Carpets, Caviar and Pistachios

Should you be a fan of Iranian pistachios, caviar, or carpets, you're in luck — the deal lifts import bans on these signature Iranian products to the U.S.

However, U.S. pistachio growers will be less lucky. As one nut expert told Slate, "If they allow Iranian pistachios into the country it may take a real bite out of the domestic market as they are far superior."

Shipping and Transport

The E.U. will allow for trade to Iran of naval equipment and technology for ship building. It'll also allow cargo flights from Iran to access member state airports.

The U.S. won't sanction non-U.S. citizens who are part of the shipping sector in Iran or have financial dealings with it.


This is the only sector in which the U.S. is truly able to do business in the Iranian market. U.S. companies will now be allowed to sell commercial aircraft and parts to Iran.

As The Economist reported, "Iranian airlines were forced into the black market when sourcing, and repairing, their planes" for decades. After the deal, "as well as improving the lot of Iranian passengers, this could earn tens of billions of dollars for Western aircraft manufacturers, including American firms such as Boeing."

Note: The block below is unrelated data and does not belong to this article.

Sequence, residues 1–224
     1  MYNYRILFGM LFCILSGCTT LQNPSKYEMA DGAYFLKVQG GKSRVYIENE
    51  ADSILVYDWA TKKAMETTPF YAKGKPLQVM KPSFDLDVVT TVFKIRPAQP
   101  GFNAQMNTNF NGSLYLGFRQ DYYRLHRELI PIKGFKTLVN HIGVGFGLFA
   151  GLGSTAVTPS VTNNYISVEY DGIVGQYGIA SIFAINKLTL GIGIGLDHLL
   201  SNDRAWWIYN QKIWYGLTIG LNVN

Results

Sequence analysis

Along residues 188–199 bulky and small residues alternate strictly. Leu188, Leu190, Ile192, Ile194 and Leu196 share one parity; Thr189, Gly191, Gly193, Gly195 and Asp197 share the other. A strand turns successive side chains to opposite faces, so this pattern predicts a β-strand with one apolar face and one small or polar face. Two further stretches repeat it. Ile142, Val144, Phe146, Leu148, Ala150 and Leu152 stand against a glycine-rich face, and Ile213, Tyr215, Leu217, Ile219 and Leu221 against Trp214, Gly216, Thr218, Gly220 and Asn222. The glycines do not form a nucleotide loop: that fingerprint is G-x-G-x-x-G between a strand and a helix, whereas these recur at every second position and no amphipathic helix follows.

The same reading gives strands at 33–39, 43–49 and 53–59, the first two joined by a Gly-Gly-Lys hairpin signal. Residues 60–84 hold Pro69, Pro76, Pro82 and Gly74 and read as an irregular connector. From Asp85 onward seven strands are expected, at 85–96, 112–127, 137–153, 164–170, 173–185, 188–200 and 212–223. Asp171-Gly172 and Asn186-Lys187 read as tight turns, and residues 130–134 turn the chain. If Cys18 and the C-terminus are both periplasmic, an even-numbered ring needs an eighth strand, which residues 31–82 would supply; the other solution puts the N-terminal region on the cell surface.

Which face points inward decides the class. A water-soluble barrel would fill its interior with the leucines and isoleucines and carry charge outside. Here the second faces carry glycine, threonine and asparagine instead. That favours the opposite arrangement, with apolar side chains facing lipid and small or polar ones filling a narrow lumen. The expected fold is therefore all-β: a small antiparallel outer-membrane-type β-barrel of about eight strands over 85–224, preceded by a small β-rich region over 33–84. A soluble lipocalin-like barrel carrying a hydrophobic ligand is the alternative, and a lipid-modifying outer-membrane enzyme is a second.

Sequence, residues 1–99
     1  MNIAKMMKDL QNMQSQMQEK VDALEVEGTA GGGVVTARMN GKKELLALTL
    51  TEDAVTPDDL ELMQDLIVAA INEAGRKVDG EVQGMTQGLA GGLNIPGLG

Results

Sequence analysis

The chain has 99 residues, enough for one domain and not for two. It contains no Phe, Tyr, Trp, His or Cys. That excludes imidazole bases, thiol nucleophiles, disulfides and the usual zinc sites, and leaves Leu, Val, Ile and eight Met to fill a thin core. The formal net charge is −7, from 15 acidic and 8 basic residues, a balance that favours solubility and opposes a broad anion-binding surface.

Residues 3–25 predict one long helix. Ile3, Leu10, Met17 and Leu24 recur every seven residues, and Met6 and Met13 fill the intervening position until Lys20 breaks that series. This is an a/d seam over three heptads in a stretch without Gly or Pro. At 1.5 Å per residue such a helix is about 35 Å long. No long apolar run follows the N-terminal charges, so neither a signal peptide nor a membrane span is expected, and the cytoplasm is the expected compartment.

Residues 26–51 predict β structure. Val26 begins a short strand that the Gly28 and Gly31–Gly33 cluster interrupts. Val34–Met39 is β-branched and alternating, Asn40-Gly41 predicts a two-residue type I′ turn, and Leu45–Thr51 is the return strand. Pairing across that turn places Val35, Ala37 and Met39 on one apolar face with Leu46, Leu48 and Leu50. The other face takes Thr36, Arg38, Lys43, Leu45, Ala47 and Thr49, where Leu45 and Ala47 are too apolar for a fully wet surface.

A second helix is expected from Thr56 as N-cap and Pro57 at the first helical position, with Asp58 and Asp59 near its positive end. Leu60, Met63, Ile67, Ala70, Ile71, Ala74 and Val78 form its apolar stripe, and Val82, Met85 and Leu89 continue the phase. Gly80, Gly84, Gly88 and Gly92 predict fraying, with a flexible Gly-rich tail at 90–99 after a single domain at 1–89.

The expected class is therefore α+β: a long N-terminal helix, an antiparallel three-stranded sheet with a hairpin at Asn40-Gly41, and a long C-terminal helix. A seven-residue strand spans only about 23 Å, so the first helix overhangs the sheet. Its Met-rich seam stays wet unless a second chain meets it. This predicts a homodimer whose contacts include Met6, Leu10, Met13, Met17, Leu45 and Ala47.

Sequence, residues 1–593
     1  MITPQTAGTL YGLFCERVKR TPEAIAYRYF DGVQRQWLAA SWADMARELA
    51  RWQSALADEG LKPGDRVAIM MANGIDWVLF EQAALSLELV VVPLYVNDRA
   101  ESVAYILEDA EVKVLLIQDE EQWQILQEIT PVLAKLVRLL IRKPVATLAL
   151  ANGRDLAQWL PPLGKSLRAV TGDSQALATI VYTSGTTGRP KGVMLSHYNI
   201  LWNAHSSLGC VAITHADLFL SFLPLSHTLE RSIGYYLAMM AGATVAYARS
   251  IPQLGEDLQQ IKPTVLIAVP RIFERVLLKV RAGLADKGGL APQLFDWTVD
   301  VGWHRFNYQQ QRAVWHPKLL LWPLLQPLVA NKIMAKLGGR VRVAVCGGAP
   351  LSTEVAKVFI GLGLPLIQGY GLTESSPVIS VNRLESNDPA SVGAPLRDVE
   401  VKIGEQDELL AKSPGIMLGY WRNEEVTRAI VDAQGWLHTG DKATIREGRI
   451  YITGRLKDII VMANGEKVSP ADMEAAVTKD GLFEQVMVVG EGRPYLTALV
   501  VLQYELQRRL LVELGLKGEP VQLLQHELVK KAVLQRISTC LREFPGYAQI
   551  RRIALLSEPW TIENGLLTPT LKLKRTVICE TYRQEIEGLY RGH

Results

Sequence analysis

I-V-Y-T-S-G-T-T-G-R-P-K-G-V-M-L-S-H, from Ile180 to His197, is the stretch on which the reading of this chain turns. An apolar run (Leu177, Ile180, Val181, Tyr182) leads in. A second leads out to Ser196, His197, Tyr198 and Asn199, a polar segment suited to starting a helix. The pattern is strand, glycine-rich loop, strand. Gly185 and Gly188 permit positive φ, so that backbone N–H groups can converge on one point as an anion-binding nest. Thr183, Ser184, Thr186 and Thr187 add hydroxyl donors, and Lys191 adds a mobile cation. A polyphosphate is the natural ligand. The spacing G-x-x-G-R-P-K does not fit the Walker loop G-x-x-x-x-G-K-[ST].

Gold and Precious Metals

The E.U. will allow trading of gold and other precious metals, while the U.S. will no longer sanction non-U.S. citizens who are involved in trading gold or other precious metals with Iran.

Assets and Visas

The U.S. will unblock the assets of dozens of Iranian individuals and entities who are currently flagged by the Treasury.

It'll also unblock property within U.S. jurisdiction for certain individuals.

The E.U. is going to release all funds that have been frozen for numerous individuals and companies, including to the Central Bank of Iran, and is cancelling their visa bans.

And what happens if Iran violates the terms of the nuclear agreement? NPR's Michele Kelemen explains that:

"If U.S. officials believe Iran is violating the deal, they would bring the allegation to the Security Council. At that point, sanctions would be imposed automatically — the first unusual twist in the deal. If members of the Security Council — Russia, China or others — rise to Iran's defense, they can block the new sanctions only by passing a new resolution.

"That could be stopped by a U.S. veto. The U.S. is one of five permanent council members — including Great Britain, France, Russia and China — with veto power."

Copyright 2021 NPR. To see more, visit https://www.npr.org.

Merrit Kennedy is a reporter for NPR's News Desk. She covers a broad range of issues, from the latest developments out of the Middle East to science research news.